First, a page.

Chicken Thigh

Anova Culinary

Chicken thighs most often come either bone-in and skin-on, or boneless and skinless. I recommend using the former if cooking thighs alone. Some recipes have you remove the bone before cooking. I find this unnecessary. Unless you’re experienced with a boning knife, it’s far easier to remove the bone after the chicken has been cooked.

One step I do find convenient is to chill the chicken down in an ice bath after cooking. This allows you to give the chicken leg a longer time over moderate heat in a skillet just before serving in order to get extra crispy skin without overcooking the chicken underneath.


Texture: Firm, very juicy, slightly tough

Temperature: 150°F / 66°C        

Timing Range: 1 to 4 hours

Texture: Tender and very juicy

Temperature: 165°F / 74°C    

Timing Range: 1 to 4 hours

Texture: Fall-off-the-bone tender

Temperature: 165°F / 74°C        

Timing Range: 4 to 8 hours


J. Kenji López-Alt

J. Kenji López-Alt is the Managing Culinary Director of Serious Eats, author of the James Beard Award-nominated column The Food Lab, and a columnist for Cooking Light. He lives in San Francisco. A New York native, Kenji cut his cooking chops the old-fashioned way by working his way up through the ranks of some of Boston's finest restaurants. With an education in science and engineering and as a former Senior Editor at Cook's Illustrated and America's Test Kitchen, Kenji is fascinated by the ways in which understanding the science of every day cooking can help improve even simple foods. He earned a James Beard award for his first book, The Food Lab: Better Home Cooking Through Science, which he released in September 2016. It is available for purchase from Amazon and Barnes & Noble.

Prep Time: 00:05

Recipe Time: 01:00

Temperature Options:

Firm, very juicy, slightly tough
150F / 65.6C
Tender and juicy
165F / 73.9C
Fall-off-the-bone tender
165F / 73.9C



  1. Pre-heat your Precision Cooker to the desired final temperature according to the chart included here and in the app. Allow the water bath to come to temperature before adding your chicken.
  2. Season bone-in, skin-on chicken thighs, drumsticks, or legs generously with salt and pepper.
  3. To bag chicken legs, start by folding the top of a vacuum-seal or zipper-lock bag back over itself to form a hem. This will prevent chicken juices from getting on the edges of the bag which would interfere with the seal or provide vectors for contamination. Add aromatics such as thyme, garlic, or rosemary as desired. Seal the bag either using a vacuum-sealer or, if using a zipper-lock bag, by using the displacement method. To do this, slowly lower your bagged steak into a pot of water, letting the pressure of the water press air out through the top of the bag. Once most of the air is out of the bag, carefully seal the bag just above the waterline.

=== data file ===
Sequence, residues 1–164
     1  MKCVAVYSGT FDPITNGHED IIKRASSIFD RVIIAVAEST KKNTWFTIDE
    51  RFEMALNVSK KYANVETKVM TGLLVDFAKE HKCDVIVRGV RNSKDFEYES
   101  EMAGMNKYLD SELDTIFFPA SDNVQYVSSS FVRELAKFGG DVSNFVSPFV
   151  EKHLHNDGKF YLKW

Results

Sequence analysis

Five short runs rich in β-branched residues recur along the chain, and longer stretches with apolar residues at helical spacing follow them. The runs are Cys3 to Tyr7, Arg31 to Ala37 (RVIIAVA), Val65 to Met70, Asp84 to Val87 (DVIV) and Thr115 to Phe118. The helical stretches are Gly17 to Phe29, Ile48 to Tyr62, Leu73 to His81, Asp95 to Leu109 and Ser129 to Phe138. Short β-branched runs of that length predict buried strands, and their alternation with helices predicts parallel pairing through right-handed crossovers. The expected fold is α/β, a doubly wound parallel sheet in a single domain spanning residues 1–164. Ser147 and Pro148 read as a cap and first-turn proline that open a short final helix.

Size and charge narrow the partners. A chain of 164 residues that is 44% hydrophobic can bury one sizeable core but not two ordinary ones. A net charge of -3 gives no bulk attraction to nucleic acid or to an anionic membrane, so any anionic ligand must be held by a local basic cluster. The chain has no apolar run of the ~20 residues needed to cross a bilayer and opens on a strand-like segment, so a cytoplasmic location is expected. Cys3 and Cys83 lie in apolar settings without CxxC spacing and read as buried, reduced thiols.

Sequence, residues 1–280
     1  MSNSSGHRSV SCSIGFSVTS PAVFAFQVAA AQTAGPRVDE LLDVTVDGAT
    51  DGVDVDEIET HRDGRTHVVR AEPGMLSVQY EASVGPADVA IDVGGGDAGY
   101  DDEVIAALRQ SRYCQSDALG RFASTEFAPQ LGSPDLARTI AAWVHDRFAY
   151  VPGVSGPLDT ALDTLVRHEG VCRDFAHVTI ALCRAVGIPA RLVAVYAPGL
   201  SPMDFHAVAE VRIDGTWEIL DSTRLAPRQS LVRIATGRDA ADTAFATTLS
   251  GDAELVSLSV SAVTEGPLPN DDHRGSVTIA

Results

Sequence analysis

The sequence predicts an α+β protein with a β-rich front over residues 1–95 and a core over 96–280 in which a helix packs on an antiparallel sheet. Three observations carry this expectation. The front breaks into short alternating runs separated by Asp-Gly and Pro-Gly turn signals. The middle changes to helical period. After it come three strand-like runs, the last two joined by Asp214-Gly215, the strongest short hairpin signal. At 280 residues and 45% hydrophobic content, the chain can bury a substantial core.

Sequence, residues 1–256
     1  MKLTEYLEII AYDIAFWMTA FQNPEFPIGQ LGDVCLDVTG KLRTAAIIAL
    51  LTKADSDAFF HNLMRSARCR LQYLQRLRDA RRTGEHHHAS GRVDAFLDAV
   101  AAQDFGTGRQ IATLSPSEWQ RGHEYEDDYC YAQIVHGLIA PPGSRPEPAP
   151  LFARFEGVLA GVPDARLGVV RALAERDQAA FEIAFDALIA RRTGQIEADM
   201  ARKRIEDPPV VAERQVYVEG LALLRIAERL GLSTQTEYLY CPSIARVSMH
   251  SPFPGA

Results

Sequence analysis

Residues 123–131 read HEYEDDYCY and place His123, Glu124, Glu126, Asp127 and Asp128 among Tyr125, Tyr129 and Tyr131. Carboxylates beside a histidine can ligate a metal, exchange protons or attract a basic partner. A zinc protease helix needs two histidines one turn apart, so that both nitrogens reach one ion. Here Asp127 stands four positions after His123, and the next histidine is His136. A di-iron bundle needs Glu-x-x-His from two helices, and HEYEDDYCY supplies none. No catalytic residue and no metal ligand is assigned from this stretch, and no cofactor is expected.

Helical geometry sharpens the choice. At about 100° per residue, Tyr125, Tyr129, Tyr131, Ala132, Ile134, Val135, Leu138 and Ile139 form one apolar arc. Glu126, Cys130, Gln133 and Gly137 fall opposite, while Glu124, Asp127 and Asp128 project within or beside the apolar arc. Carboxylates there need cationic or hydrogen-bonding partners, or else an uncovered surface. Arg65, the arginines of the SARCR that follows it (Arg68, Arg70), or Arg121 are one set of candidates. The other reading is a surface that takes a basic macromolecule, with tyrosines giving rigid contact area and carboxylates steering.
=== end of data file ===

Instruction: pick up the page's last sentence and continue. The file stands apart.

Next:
4. Drop the bag in the water bath, making sure not to block the intake or output sections of your Precision Cooker. If properly sealed, chicken should sink. Cook according to the timing charts for your preferred level of doneness.
  5. Once the chicken has cooked for the desired time, transfer the bagged chicken to a prepared ice bath to chill completely. At this stage, chicken can be stored in the refrigerator for up to three days before finishing and serving.

Finishing Steps - Stovetop

  1. Remove the chicken from the bag, discard any aromatics (if using) and place it on a paper towel-lined plate.
  2. Scrape off any gelled juices from the bag with your fingers and transfer it to a small bowl to use for a pan sauce later on.
  3. Place a high-quality, non-stick or cast-iron skillet with one tablespoon / 15 ml of vegetable, canola, or rice bran oil over medium heat until shimmering and carefully add the chicken to the hot oil, skin side down. For best results, use a flexible slotted fish spatula or your fingers to press down on the chicken slightly to get good contact between the skin and the pan. I recommend wearing gloves and long sleeves if you are very sensitive to small oil splatters. 
 Cook the chicken, occasionally lifting the corner with your spatula to peek underneath (if the chicken doesn’t immediately lift easily with the spatula, do not force it. Let it cook longer until it releases naturally). Continue cooking until the skin is very brown and completely crisp, 4 to 5 minutes total.
  4. Flip the chicken and cook the second side just until the chicken is warmed through, about 1 minute longer. Transfer the chicken to a paper towel-lined plate while you make a pan sauce (if desired).
  5. If you’d like to make a pan sauce, start by adding a few chopped aromatics to the pan such as minced shallots or garlic. Cook until fragrant, then add a glass of wine or a shot of liquor along with the gelled chicken juices you reserved from the sous vide bag. Add secondary flavorings like whole grain mustard if desired.
  6. Swirl in a pat of butter along with chopped herbs and a squeeze of lemon juice as desired. Season to taste with salt and pepper. If the sauce looks greasy or broken, add a few tablespoons / ml of water and stir vigorously to loosen it up and emulsify.
  7. Serve the chicken and sauce immediately.